The State Ethics Commission today opened a two-week window for job applicants who want to be the state’s new top ethics enforcer. The commission hopes to interview three finalists in public at its Oct. 15 meeting. When Rick Thompson was chosen in 2006, candidates were interviewed in closed session. Senior assistant attorney general Stefan Ritter described that today as “not the best practice.”
Gov. Sonny Perdue took office in 2003 vowing to push “comprehensive ethics reform” and reverse 140 years of entrenched, Democrat-controlled good-old-boy cronyism. Now, as the governor’s final year in office approaches, a legislative smackdown suggest tougher ethics enforcement is an idea whose time has yet to come: The State Ethics Commission was stripped of its rule-making authority, took a 30 percent budget cut and lost a bid for tougher penalties for candidates who file financial reports late, or not at all. Now, executive secretary Rick Thompson is stepping down. He says it’s time to go. “I just believe in my own life it’s time to move on,” he said.
A four-day jaunt to sunny Southern California. Braves games, concerts, golf and charter boat excursions. Weekends at Amelia Island, Sandestin and Biloxi. You and I have to pay for summer diversions like these. But public disclosures show lobbyists treated your Georgia legislators to all this and more, just since May 1. Lobbyists dropped more than $193,000 cozying up to lawmakers in May, June and July, even though legislators went home for the year on April 3.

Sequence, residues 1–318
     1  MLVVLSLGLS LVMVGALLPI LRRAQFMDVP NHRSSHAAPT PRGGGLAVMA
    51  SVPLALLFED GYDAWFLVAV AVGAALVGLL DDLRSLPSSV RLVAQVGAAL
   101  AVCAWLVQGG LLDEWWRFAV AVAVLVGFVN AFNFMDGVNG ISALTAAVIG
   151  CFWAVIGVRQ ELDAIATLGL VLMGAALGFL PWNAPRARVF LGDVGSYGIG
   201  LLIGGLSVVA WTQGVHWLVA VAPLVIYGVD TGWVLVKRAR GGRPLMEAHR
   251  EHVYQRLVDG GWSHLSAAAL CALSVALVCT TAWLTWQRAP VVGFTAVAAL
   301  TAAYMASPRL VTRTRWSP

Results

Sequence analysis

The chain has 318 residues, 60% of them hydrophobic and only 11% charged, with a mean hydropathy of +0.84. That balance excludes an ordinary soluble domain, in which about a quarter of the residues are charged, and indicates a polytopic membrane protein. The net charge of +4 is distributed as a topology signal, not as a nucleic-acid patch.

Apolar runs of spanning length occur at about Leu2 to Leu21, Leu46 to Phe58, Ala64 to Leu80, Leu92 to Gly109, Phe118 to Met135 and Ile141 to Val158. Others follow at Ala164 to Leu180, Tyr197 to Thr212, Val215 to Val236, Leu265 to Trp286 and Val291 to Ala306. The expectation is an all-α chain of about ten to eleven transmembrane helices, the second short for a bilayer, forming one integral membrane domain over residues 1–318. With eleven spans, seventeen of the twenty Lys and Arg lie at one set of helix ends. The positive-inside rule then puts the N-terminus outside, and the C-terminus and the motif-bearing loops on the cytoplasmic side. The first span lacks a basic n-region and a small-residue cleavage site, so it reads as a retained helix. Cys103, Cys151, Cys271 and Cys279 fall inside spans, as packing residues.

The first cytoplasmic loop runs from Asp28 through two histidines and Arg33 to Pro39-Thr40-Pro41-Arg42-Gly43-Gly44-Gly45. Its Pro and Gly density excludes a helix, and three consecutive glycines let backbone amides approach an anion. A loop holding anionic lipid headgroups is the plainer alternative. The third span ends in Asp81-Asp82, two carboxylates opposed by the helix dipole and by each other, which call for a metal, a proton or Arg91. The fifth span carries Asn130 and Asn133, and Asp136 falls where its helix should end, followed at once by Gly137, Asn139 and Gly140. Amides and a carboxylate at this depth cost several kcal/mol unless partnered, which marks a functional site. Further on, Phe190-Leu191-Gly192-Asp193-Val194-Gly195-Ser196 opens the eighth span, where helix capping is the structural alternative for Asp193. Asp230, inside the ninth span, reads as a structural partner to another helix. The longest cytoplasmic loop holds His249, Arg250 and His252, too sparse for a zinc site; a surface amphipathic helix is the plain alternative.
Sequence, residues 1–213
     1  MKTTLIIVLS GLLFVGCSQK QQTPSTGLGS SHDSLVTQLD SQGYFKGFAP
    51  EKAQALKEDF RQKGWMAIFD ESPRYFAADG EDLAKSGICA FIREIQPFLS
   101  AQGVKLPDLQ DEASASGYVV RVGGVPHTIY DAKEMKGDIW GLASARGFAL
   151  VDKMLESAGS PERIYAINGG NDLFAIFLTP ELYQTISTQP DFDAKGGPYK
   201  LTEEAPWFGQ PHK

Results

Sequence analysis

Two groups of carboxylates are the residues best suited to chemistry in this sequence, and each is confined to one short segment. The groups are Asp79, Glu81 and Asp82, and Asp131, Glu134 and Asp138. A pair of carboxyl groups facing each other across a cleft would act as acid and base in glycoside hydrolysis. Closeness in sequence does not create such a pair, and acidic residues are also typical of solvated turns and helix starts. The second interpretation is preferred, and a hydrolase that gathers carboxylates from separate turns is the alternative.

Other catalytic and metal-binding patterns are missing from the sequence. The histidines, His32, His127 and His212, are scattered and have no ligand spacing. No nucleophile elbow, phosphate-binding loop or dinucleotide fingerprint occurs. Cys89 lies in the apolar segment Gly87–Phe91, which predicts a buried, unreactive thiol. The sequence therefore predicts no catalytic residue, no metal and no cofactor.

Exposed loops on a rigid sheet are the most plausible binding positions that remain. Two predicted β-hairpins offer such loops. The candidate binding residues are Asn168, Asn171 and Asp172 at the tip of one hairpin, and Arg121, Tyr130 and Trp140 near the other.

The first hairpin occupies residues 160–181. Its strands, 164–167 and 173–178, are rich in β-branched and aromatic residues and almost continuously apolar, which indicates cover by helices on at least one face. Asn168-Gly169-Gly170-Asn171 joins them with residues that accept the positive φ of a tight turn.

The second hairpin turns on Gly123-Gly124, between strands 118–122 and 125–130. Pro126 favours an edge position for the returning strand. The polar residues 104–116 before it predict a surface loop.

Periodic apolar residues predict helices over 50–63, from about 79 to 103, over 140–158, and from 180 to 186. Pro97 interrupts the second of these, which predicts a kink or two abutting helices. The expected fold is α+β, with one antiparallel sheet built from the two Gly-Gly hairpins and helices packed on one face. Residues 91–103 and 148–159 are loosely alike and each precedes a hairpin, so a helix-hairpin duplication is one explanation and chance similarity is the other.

There was no fun in the sun for the four legislators who flew last month to Pasadena, Cal., said Tom Lewis, lobbyist for Georgia State University. “No golf, no beaches, no nothing else,” he said. “This was pretty much a cut-and-dried educational trip.”
(UPDATE: Atlanta’s municipal clerk has posted PDF files of 2009 campaign disclosure reports for mayor and council candidates here.)
Four years ago, Atlanta city government did a nice job making campaign disclosure reports available online for candidates for mayor and City Council. In 2009, a tight budget apparently will keep the city from posting details on the millions of dollars raised by Atlanta candidates. So Common Cause of Georgia, the good-government advocacy group, is filling the gap with its Moneywatch site. You can search for yourself to see where the special interests, elected officials and aides to former Mayor Bill Campbell are lining up in 2009. (What? You thought I was going to do it for you? Maybe a little later.)